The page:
Don’t get us wrong; the Grand Canyon easily deserves its place as one of the greatest natural wonders of the world. But its popularity does make Arizona sound like a bit of a one-hit wonder. Ask anyone outside of Arizona what we’re known for, and they’ll usually respond with “the Grand Canyon and being hot in the summer,” although not necessarily in that order.
Arizona offers a lot more on the nature front than most people think, from soaring mountains and pine forests to gorgeous stretches of desert. The next time you want to experience the awe of nature, here are five places in Arizona to keep in mind.
1. Tonto Natural Bridge
Less than two hours northeast of Phoenix along highway 87, the scenery provides a sharp contrast to our desert valley. Around the town of Payson, you’ll find a pine forest, plenty of other vegetation and somewhat cooler temperatures.
If you go a little out of your way, you can also see the largest natural travertine bridge in the U.S. and possibly the world (travertine is a type of limestone rock that’s popular for countertops and flooring). The bridge stands 183 feet tall and spans 400 feet from end to end.
Get a good view from the parking lots above, or you can hike down and experience it from the ground level. Learn more about this natural phenomena and the Tonto Natural Bridge State Park.
2. Slide Rock State Park
The second best-known natural wonder in Arizona, Sedona’s beautiful red rocks and desert vistas captivate everyone who visits. But the surrounding area doesn’t disappoint either.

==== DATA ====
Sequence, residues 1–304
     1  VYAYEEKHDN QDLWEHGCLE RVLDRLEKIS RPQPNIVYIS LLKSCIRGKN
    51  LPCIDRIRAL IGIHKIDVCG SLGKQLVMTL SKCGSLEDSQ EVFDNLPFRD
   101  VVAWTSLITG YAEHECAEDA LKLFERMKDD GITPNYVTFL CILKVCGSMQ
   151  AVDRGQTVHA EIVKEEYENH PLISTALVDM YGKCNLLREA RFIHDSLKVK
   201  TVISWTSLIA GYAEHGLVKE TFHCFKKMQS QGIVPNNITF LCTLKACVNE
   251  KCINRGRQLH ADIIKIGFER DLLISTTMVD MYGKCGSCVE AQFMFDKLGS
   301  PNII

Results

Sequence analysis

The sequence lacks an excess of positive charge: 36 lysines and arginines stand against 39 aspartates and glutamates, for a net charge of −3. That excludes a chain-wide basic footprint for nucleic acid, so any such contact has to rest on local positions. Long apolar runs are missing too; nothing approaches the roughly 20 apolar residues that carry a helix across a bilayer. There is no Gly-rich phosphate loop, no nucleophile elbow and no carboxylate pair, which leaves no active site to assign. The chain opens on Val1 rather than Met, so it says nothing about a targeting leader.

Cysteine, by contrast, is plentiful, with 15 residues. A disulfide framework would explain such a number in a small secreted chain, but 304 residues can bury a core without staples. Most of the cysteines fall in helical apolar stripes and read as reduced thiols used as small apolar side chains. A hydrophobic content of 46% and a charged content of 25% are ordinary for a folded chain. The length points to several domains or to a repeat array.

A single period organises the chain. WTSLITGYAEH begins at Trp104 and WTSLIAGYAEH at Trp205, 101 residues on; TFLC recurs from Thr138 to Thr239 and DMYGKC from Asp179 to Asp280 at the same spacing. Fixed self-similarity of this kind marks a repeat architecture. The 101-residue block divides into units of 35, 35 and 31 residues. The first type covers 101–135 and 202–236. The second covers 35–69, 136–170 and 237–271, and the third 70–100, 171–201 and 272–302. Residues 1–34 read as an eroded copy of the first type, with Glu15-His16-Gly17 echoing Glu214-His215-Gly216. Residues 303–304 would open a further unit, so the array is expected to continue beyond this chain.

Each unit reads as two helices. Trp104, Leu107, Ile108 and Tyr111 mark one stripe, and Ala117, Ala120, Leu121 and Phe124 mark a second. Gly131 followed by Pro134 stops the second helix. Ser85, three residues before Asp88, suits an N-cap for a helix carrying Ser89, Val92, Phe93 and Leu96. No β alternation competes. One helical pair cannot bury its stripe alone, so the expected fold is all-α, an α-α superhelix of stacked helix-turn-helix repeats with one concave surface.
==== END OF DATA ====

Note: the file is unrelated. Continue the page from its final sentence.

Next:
Seven miles north of Sedona, for example, is Slide Rock in Oak Creek Canyon. Like the name suggests, Slide Rock features a natural water slide in the red sandstone rock ending in a refreshing creek.
Oak Creek Canyon offers visitors opportunities for scenic exploring and gorgeous photos. While you’re visiting, you can also enjoy the apple orchard and a tour of the Pendley homestead from the early 1900s.
Note that the site of the natural slide is extremely popular, so arrive early. The park opens at 8 a.m. and costs $20 per vehicle Monday to Thursday and $30 from Friday to Sunday, and holidays. Learn more about the park.
3. Vermilion Cliffs National Monument
If you’re in the Grand Canyon region, head north on highway 89 toward the Utah border to experience the Vermilion Cliffs National Monument. With heights of up to 3,000 feet above the ground, the Vermillion Cliffs are almost an inverted Grand Canyon.
Plus, you can also see the Coyote Buttes, Paria Canyon and Paria Plateau, which are some of the most spectacular rock formations in the world. Get more information on the Vermilion Cliffs.
4. White Pocket
Tucked away in the Paria Plateau, and only accessible by four-wheel drive vehicle or on foot, White Pocket doesn’t get many visitors. However, the liquid-looking rock formations there easily rival the more popular areas of the Vermilion Cliff National Monument. Learn more about White Pocket and how to visit.
5. Lava River Cave
With temperatures of up to 2,000 degrees, you want to avoid lava at all costs. However, once it cools or goes away, it can leave some fascinating structures behind.
Consider the Lava River Cave in Coconino National Forest just north of Flagstaff – about 2.5 hours from Phoenix. This mile-long tunnel formed 700,000 years ago when the outer edges of a lava flow cooled and the hot center of the lava kept going.
Visitors can walk through and see the wave-like patterns left behind and “flash-frozen” stone stalactites. Before you go, definitely read the Forest Service guide on how to dress and what equipment to bring. Otherwise, you could wind up bloody and frozen while stumbling around in the dark. But seriously, you should definitely check it out.
Want some spectacular scenery closer to Phoenix? Check out Hole in the Rock and some of our other favorite hiking spots around the Valley.
– Justin Ferris, Phoenix.org